That time a pre-fame Dave Grohl nearly joined GWAR

GWAR and Dave Grohl
Original GWAR frontman Oderus Urungus and Dave Grohl (Image credit: Bill Tompkins/Getty Images/Taylor Hill/FilmMagic)

Dave Grohl’s journey from obscurity to megastardom is written in the annals of rock’n’roll history. From cult Washington DC hardcore band Scream to Nirvana to the Foo Fighters, the drummer-turned-frontman has become one of the most famous and well-connected musicians on the planet.

But it could have been very, very different. Back in the depths of the 80s, when he was still kicking around the US punk scene, Grohl almost joined GWAR. Yes, that’s right - the rubber-costumed, giant phallus-waving, blood-and-semen spurting shock rockers of Scumdogs Of The Universe and America Must Be Destroyed fame.

We thought the story was a gag, but it turns out it’s true. Speaking exclusively to Metal Hammer’s Stephen Hill, current GWAR frontman Blöthar The Berseker confirms that Grohl seriously considered joining the band in the 80s.

“GWAR was part of the regional punk rock scene, and Dave was part of it too,” says Blöthar, aka Michael Bishop, who originally played in GWAR back in the 80s and early 1990s as an entirely different character, bassist Beefcake The Mighty. “Grohl would come to our shows in [his hometown] Richmond, Virginia a lot. He was friends with GWAR’s guitar player Dewey [Rowell, AKA Flattus Maximus].”

Grohl’s band at the time, Scream, were on the verge of falling apart. According to Blöthar, GWAR themselves were looking for a new drummer, so they reached out to the future Foo Fighter.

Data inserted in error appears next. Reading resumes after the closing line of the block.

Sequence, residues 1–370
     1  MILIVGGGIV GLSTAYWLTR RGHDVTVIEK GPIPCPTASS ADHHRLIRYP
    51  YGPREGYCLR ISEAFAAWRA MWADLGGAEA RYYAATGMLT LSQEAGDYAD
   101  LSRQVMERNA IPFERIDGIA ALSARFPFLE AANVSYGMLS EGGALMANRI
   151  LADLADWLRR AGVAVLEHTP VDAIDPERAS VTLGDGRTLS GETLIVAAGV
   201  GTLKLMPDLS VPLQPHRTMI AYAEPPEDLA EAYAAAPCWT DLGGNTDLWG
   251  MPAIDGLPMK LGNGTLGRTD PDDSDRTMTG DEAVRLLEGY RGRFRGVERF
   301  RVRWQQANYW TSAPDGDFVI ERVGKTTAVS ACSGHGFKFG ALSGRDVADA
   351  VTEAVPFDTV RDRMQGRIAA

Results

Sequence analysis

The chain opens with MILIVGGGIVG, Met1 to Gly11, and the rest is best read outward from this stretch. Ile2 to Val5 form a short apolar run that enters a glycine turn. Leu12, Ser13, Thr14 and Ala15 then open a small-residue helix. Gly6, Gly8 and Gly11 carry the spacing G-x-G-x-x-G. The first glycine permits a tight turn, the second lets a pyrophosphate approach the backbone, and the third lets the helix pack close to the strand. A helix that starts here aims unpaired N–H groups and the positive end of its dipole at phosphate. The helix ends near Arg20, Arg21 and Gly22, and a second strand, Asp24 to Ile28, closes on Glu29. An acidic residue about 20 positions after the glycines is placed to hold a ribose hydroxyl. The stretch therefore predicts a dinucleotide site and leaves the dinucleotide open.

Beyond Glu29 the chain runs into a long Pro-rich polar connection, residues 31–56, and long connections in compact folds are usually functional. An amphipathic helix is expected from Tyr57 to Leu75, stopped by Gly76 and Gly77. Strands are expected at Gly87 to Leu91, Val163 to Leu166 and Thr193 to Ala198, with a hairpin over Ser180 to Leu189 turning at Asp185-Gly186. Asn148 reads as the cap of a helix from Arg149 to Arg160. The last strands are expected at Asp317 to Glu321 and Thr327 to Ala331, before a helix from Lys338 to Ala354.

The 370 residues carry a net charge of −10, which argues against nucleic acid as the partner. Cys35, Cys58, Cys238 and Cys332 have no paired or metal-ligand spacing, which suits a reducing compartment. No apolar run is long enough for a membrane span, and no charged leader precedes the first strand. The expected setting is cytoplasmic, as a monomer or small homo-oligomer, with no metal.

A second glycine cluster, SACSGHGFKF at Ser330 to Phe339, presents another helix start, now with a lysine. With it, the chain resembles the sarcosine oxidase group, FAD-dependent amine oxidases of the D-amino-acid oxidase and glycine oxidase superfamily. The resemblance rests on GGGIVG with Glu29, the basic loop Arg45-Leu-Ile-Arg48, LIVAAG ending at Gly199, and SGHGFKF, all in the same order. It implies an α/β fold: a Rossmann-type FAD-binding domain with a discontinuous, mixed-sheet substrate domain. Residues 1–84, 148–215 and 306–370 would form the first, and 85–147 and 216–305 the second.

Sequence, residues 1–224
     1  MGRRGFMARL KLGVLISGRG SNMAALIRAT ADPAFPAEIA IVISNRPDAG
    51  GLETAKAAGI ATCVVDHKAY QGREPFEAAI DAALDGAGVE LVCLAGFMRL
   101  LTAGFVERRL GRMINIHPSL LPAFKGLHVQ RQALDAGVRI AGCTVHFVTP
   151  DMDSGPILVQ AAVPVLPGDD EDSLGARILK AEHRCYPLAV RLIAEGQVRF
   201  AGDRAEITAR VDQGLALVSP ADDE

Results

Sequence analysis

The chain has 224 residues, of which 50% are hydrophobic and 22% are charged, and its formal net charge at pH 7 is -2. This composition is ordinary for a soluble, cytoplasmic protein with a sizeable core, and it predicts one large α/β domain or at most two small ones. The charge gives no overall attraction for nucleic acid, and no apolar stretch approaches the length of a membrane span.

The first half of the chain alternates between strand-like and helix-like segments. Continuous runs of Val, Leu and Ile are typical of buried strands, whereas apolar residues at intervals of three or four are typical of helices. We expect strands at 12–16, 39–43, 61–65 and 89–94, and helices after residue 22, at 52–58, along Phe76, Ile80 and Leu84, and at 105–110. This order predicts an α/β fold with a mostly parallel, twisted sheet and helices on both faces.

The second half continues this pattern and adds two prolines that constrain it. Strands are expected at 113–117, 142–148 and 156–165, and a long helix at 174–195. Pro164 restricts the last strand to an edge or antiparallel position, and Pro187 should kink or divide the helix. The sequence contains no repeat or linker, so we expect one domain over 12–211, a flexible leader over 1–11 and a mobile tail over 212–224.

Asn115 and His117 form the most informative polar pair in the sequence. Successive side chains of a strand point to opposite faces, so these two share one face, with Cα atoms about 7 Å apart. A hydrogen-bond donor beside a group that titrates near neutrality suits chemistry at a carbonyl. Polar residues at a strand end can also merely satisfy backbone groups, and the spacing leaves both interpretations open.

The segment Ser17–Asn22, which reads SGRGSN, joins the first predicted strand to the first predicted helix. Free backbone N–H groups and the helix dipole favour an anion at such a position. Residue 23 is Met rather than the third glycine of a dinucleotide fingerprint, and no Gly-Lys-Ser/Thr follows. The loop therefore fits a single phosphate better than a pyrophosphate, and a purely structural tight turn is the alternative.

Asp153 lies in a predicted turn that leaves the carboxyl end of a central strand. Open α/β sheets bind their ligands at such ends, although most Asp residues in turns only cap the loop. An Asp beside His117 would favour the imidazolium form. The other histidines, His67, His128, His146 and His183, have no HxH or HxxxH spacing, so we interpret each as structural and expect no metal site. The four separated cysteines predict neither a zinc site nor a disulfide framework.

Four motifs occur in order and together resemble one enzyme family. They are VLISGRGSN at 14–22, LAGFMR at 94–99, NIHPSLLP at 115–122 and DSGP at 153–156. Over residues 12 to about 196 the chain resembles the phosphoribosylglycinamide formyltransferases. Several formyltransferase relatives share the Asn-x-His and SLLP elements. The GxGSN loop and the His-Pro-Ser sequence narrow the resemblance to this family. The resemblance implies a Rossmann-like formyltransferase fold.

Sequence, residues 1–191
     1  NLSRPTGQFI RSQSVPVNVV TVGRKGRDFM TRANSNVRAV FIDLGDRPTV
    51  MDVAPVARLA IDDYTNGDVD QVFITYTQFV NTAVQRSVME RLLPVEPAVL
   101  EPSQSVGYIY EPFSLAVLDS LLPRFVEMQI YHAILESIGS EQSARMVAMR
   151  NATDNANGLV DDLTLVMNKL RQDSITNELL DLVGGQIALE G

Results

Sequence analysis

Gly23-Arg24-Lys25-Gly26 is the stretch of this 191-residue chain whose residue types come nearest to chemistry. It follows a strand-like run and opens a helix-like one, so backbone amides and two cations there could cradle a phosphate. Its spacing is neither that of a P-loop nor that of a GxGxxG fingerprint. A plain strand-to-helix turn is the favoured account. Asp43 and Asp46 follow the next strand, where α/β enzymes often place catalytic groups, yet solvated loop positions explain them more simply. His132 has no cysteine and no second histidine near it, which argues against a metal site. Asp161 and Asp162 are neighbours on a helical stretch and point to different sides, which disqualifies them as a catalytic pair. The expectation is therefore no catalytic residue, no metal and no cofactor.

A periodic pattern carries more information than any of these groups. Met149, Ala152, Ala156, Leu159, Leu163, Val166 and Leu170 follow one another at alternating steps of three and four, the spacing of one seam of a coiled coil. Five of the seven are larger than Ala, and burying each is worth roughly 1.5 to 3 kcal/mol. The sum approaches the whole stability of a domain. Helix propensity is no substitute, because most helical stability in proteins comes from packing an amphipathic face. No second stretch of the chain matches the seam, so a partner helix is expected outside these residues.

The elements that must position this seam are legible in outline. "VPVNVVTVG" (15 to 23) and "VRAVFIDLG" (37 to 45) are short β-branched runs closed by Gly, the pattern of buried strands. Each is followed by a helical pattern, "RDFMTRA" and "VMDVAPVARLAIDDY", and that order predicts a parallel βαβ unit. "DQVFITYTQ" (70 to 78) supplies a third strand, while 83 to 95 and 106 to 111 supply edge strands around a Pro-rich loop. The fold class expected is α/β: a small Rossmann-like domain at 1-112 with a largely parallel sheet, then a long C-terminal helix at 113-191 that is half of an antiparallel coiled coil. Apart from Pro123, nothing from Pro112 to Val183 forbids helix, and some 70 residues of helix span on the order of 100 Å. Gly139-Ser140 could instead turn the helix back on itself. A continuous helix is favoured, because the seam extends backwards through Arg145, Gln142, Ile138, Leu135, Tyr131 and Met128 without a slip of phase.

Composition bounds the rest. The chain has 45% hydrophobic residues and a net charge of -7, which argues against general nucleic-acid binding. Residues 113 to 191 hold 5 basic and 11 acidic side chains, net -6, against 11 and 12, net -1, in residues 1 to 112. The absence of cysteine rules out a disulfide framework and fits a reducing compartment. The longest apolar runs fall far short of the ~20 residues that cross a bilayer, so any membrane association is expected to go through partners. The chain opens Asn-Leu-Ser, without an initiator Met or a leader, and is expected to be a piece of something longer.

“We sent him an invitation and talked to him about it, and he was serious. He made up a character, he was serious,” says Blöthar. “GWAR could put 800 people in a room, so it made sense for him to do it. He came and played with our guitar player. I never played with him. I was playing bass guitar, so if we’d have jammed, I’d have known about it.”

Blöthar tells Hammer that he suspects it was GWAR’s OTT live shows that stopped Grohl from joining. “GWAR was doing some pretty obscene stuff onstage,” says the frontman. “He says it was because he didn’t want his family to come see him do that stuff – his uncle and aunt and his nieces and nephews.

“But I don’t think it was that. I think he had enough sense to see that GWAR was a big pain in the ass, a hard band to be in. Why would you want to put these outfits on when you could just walk onstage in your normal clothes? Even back then, being in GWAR was hardly an appealing proposition for a musician.”

Grohl himself has confirmed that he did once consider signing up with GWAR, though he ultimately opted to head to Seattle and join a little-known grunge band named Nirvana.

“You could say that GWAR and Nirvana are pretty different, but we’re both rock bands that got into Kiss and The Melvins, playing to kids who love heavy rock music,” says Blöthar. “But man, what a great drummer he was, and still is. I’m sure, he would have made GWAR sound fantastic, but I don’t think he’d be happy. Shame. He could have been enjoying this all these years, dressing in a big rubber suit!”

GWAR’s new album, The New Dark Ages, is out on June 3. A new documentary, This Is GWAR, will be released later this year.

Metal Hammer

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